I went to a Unity Church yesterday with a friend who wants to do some spiritual searching as well as some church searching.
I have a spiritual practice myself but I try to stay open and I know I don’t have this part of my life figured out. And, I don’t really expect to ever fully understand the power that, today, I choose to call God.
The “service,” which is probably not the word the Unity congregation uses for it, was in an old church downtown. Albeit, it isn’t as churchy as some churches – certainly not as churchy as say, the Cathedral a couple of blocks east of this one. But, still I felt uncomfortable. Not with the people, not with the ideas and practices, but with the building. I could appreciate the beautiful stained glass window that showed a man and a woman walking down a green path through trees and to a blue sky with a big yellow sun in the middle. I liked that part. The music was contemporary and sung by two men and one woman, with guitars in hand, singing harmonies – very beautiful. I love songs sung in harmony. I do and I did realize that my being uncomfortable in a less-churchy church is similar to my liking less-fishy fish when ordering at a seafood restaurant. It’s just me. My taste, my experience. But I didn’t think I would want to come back to another non-service service.
The minister (probably not the word, etc.) gave a “lesson” not a “sermon.” It went something like….there’s a big blackboard, chalkboard and it represents me and me connected to my higher power. And, on one little section of the board is a chalk mark. That mark is what I call my personality. My personality is just a small part of the whole large board. So, he suggested that we drop away the chalk mark and just allow ourselves to be observant and present. That way, if someone says something mean or cutting to us, it’s just another little mark on this huge board and we don’t have to hold onto it and we don’t have to make it all of ourselves. It is only one tiny bit – one small experience in the large scheme of our lives which are a small occurrence in a large scheme of the even larger chalkboard that represents the universe and God.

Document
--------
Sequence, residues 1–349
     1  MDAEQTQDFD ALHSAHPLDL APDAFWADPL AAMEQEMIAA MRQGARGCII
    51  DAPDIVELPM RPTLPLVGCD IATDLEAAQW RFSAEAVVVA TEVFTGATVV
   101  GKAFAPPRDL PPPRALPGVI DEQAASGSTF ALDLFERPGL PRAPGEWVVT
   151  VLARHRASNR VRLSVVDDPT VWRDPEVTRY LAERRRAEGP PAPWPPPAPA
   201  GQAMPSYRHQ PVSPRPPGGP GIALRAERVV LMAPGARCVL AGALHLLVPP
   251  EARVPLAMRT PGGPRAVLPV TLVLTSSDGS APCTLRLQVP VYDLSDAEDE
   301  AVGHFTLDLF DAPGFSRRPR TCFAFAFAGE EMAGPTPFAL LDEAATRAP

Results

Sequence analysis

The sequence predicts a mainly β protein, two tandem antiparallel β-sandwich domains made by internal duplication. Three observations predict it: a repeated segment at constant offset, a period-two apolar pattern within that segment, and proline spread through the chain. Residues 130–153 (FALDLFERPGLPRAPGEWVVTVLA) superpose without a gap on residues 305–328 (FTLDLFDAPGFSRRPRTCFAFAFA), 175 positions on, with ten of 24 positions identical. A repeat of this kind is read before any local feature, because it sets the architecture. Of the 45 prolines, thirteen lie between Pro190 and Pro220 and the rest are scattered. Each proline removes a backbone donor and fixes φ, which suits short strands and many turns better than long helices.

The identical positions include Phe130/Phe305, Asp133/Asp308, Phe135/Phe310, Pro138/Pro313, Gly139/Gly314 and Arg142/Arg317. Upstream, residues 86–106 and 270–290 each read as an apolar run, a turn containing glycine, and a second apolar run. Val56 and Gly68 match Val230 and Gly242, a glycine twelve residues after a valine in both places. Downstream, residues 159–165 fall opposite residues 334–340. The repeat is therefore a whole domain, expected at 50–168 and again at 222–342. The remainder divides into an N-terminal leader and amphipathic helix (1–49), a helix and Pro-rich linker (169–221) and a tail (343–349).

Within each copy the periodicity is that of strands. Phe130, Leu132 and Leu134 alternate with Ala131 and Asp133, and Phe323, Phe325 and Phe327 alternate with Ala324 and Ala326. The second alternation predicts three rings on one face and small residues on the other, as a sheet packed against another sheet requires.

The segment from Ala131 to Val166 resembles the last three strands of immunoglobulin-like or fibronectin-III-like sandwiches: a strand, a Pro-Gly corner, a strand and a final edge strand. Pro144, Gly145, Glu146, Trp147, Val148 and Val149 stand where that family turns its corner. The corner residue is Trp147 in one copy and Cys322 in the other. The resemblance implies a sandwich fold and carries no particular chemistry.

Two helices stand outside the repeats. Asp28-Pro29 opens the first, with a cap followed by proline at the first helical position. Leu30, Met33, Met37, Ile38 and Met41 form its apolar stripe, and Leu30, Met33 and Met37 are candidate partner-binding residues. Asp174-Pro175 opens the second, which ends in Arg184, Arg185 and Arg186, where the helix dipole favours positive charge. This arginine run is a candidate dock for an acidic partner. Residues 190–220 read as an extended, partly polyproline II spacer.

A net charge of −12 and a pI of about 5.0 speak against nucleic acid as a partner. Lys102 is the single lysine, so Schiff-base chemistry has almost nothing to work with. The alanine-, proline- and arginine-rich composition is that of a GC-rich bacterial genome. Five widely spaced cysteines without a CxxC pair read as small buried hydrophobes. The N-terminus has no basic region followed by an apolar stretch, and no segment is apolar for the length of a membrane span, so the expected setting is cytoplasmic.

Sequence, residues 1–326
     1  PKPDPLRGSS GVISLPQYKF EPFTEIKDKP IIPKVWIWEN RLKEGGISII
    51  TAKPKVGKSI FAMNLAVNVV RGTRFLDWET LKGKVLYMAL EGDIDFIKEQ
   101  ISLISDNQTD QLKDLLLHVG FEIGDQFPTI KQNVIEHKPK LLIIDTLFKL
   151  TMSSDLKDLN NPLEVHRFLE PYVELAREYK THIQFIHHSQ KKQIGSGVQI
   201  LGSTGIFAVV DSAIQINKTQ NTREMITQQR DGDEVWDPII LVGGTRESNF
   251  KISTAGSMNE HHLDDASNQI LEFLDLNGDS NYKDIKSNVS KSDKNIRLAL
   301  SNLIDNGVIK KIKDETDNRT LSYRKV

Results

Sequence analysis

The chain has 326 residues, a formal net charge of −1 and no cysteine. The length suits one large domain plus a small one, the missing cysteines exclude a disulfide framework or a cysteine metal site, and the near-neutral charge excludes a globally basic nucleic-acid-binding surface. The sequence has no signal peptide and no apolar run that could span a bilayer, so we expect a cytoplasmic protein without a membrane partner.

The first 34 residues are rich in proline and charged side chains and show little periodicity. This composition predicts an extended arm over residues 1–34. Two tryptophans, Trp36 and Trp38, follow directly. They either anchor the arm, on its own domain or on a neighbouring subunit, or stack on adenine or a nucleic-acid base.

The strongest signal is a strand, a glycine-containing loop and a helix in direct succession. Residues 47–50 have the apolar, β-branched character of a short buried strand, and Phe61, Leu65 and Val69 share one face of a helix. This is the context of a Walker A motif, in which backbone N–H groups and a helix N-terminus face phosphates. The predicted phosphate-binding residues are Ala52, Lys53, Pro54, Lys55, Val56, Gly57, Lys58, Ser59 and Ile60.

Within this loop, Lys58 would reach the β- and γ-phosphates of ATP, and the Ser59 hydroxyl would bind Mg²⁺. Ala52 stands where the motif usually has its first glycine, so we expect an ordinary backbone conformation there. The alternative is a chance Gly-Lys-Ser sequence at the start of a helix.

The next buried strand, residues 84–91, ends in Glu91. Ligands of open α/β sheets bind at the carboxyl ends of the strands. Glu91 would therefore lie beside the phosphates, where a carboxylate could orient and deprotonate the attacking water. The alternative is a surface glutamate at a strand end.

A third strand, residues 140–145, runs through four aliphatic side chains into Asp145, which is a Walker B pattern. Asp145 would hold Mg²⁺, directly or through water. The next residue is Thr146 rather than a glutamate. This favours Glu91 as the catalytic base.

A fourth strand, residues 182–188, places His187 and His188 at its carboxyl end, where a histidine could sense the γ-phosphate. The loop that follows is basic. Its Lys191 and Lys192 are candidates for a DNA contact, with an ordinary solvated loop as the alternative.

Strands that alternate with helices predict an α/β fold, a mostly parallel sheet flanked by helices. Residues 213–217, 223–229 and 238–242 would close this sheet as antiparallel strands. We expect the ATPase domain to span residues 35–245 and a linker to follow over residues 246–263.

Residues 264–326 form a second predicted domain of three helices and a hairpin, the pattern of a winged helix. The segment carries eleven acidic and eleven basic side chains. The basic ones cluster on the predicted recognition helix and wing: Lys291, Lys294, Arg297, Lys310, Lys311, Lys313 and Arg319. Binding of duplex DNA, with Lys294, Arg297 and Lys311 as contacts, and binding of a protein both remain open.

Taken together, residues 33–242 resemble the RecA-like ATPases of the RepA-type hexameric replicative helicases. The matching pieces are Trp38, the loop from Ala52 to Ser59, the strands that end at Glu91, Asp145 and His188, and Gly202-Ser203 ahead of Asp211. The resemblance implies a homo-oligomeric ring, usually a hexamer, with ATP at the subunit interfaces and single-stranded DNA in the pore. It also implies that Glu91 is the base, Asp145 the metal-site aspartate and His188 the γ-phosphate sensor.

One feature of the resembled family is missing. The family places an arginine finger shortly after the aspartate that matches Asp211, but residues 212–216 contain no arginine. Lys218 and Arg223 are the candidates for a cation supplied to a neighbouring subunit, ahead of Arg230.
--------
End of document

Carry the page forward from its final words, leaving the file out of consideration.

Or something like that. I am not retelling it well. I just translated it into another saying I learned years ago – “detach” and “detach with love.” The minister also walked us through about a 10 minute, relaxing meditation. I like to be led through a meditation. I attempt meditation almost daily. It was so relaxing and his voice was very calming, and the not-church church was so warm, that I could have just keeled over and taken a nap in the not-pew pew.
So, before he finished, the minister suggested that we focus on being the blackboard and not hold onto the chalk mark. He said, the mark isn’t everything you are, it barely scratches the surface of your creativity, your soul, and your life.
I like that thought – that there is so much more to me and my life and the universe and my God. More than this office I am in right now. More than this job. More than my boss who verbally belittles me. I don’t have to hang on to any of this as if it reflects my value and my soul. I actually was meditating, during his lesson, on a vision of my boss at my office door and the things she says, and just detaching and yet sending her love at the same time. Because I know, from my own history, that people don’t just decide to belittle others, they are usually taught by years and years of being belittled by someone they consider important. It’s very sad.
Luckily, my friend and I had the same feeling on our first Unity church – it was a little too “kum-bah-yah” for our tastes. And, we will continue looking and seeking.
And yet – when I went home yesterday, I finished some chores, got some lunch ready for today, and figured out what to wear. Then this morning, I got up and got a lot done. I got ready on time. I went to my morning meditation meeting about 10 minutes early so that I could talk to a few people before we started. I felt and feel less frantic about “getting outta this crazy place where I work” and more focused on just being here and doing my work, for now. I feel connected and not alone. I feel hopeful.
So, maybe that less-churchy church wasn’t AS uncomfortable as I thought. The message is sticking to me today. And for that, I am truly grateful that there are people who come together and learn how to walk a spiritual path together and that they let people like me visit as I care to.
(And no, I don’t know how to spell “kum-bah-yah.”)